Energy of an object can be in several forms: potentialdue to the position of the object relative to other objects; kineticenergy because of its motion; chemicaldue to chemical bonds between atoms that make up the substance; electricaldue to its charge; thermaldue to its heat; and nucleardue to the instability of the nuclei of its atoms. Where the object is an electromagnetic wave or light, radiant energy can also be defined. One form of energy can be readily transformed into another. For instance, a battery converts chemical energy into electrical energy, which can be converted into thermal (heat) energy. Similarly, potential energy is converted into kinetic energy of moving water and turbine in a dam, which in turn is transformed into electric energy by a generator. The law of conservation of energy states that in a closed system the total amount of energy, corresponding to the sum of a systems constituent energy components, remains constant. This fact is known as the law of conservation of energy. Professor Richard Feynman, the famous American Nobel laureate in physics, has said in his famous Lectures in Physics: There is a fact, or if you wish, a law, governing natural phenomena that are known to date. There is no known exception to this law it is exact so far we know. The law is called conservation of energy [it states that there is a certain quantity, which we call energy that does not change in manifold changes which nature undergoes]. That is a most abstract idea, because it is a mathematical principle; it says that there is a numerical quantity that does not change when something happens. It is not a description of a mechanism, or anything concrete; it is just a strange fact that we can calculate some number, and when we finish watching nature go through her tricks and calculate the number again, it is the same.

Introduction

W5H of Science

What is matter?
Matter is the substance of which all physical objects are composed. It constitutes the observable Universe. According to the Theory of Relativity, there is no distinction between matter and energy, because matter can be converted to energy, and vice versa. Philosophically, matter constitutes the formless substratum of all things, which exists only potentially and from which reality is produced. In the sense of content, matter is also used in contrast to form. Matter occupies space and has mass. It is composed predominantly of atoms, which consist of protons, neutrons, and electrons. It also includes subatomic particles, that is, particles said to constitute protons and neutrons, e.g. quarks and leptons.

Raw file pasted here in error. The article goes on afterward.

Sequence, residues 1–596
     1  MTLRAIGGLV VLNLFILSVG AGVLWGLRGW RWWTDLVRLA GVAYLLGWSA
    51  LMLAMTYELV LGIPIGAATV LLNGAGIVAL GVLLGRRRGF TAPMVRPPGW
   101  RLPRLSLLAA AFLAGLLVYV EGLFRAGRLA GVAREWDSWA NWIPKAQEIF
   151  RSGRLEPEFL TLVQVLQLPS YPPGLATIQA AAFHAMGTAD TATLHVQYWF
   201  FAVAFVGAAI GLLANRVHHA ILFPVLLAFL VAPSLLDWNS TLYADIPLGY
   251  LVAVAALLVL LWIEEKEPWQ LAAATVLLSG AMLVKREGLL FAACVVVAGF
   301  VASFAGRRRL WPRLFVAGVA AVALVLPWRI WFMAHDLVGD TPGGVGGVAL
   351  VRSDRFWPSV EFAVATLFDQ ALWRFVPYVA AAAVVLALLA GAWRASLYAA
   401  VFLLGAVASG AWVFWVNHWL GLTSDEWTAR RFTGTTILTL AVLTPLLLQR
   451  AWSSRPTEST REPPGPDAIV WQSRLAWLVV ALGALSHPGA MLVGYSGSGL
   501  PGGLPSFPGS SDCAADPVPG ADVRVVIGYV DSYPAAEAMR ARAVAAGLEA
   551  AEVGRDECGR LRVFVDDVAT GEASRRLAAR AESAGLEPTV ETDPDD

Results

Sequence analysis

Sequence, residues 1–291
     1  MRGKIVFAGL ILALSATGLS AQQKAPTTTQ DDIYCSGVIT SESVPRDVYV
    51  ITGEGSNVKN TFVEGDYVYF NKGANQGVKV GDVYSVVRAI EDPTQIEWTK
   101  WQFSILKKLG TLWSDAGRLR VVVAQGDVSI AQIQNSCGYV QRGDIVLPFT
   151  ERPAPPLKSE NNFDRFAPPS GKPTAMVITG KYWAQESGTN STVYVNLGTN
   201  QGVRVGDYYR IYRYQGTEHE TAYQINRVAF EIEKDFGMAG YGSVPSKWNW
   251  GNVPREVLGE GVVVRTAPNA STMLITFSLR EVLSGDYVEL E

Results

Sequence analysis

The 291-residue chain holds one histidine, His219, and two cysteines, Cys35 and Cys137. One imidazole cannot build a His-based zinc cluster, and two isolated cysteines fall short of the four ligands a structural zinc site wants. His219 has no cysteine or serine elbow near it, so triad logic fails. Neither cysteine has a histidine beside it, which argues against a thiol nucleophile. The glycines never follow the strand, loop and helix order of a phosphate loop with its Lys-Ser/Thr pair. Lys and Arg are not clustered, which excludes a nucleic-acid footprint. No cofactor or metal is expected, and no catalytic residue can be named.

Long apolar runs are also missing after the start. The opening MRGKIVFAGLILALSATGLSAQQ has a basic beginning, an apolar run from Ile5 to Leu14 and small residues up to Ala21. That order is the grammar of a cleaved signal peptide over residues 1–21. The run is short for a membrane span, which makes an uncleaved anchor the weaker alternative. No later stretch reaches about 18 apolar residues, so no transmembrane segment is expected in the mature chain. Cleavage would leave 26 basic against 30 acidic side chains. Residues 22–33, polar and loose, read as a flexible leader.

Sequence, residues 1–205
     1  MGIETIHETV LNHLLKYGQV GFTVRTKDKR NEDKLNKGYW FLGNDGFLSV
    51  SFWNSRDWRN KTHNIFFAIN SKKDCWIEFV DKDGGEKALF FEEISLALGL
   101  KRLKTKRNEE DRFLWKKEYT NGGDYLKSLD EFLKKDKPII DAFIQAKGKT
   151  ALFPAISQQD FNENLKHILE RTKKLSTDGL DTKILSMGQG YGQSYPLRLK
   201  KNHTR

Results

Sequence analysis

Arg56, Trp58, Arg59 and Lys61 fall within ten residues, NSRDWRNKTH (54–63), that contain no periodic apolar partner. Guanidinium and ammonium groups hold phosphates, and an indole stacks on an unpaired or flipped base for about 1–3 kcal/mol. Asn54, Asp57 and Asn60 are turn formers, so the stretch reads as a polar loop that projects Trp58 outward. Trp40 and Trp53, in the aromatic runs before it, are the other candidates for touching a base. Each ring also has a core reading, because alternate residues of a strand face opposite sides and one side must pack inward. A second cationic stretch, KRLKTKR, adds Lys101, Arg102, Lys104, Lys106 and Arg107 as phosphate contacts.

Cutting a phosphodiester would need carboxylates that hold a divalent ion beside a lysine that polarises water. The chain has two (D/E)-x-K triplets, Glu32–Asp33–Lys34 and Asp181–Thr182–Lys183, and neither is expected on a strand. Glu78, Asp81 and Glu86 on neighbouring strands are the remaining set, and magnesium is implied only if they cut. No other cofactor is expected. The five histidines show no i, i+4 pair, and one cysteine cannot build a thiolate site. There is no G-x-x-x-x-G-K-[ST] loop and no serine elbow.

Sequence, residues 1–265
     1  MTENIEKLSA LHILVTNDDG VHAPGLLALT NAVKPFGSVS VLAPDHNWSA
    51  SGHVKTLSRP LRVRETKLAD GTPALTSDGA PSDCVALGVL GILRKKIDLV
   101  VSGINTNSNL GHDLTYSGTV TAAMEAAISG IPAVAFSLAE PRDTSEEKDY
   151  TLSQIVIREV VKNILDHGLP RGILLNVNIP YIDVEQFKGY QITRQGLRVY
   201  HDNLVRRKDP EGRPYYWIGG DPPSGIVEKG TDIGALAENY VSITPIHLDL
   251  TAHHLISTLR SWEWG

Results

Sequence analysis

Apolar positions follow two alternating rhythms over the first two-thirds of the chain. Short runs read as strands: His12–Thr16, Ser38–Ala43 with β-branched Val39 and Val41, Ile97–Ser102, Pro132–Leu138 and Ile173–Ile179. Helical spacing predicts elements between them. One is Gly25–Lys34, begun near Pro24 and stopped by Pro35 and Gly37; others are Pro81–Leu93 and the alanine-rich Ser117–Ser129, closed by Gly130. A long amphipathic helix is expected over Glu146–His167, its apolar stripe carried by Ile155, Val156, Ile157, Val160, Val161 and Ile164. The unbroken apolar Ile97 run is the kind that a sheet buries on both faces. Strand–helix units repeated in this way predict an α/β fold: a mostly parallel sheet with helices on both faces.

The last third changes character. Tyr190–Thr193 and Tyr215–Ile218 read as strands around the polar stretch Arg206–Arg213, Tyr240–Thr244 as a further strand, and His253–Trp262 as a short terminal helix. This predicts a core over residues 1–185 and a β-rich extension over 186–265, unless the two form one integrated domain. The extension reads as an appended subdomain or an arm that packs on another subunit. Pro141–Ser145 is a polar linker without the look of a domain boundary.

What is a discovery?
A discovery is a new increment to our knowledge about nature. It can be an object not known earlier, a process or a phenomenon occurring in nature or understanding the structure of logical relationships between the known objects, processes or phenomenon. For example, a great astronomer Galileo Galilee discovered that it is the Earth that revolves around the Sun contrary to popular opinion at that time. Several decades ago two scientists James D. Watson and Francis Crick discovered that the structure of DNA molecules present in all biological cells is a double helix. The observable natural phenomena consist of all physical, biological, and social processes

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W5H of Science

that can be directly or indirectly observed. Logical relationships, on the other hand, are described by the study of pure logic, mathematics, statistics and computer science. Objects occurring in nature are discovered too. Thus, if you find an animal, insect or bird or a planet or star that nobody knew before, you have made a discovery.

What is the Nobel Prize?


The Nobel Prize is the worlds most famous and highest honour a scientist can aspire for. A Swedish inventor named Alfred Nobel instituted this prize in 1896. Though Nobel is also famous for inventing dynamite, he is remembered as a man who loved peace. Before his death (also in 1896), Nobel asked that these prizes be awarded to people who benefited humanity in some way. The Nobel Prize is the first international award given yearly since 1901 for achievements in physics, chemistry, medicine, literature and peace. The prize consists of a medal, a personal diploma, and a prize amount. A private institution, Nobel Foundation, established in 1900 based on the will of Alfred Nobel manages the assets made available through the will for awarding the Nobel Prize. It represents the Nobel institutions externally and administers infor mational activities and arrangements surrounding the presentation of the Nobel Prize. The Foundation also administers Nobel symposia in the different prize areas. The Indian scientist who has been honoured with the Nobel Prize is C.V. Raman. In addition two other natives of India who emigrated to USA and became US citizens and are therefore Americans have also been honoured with this prize; they are S Chandrasekhar and Hargobind Khorana.
Introduction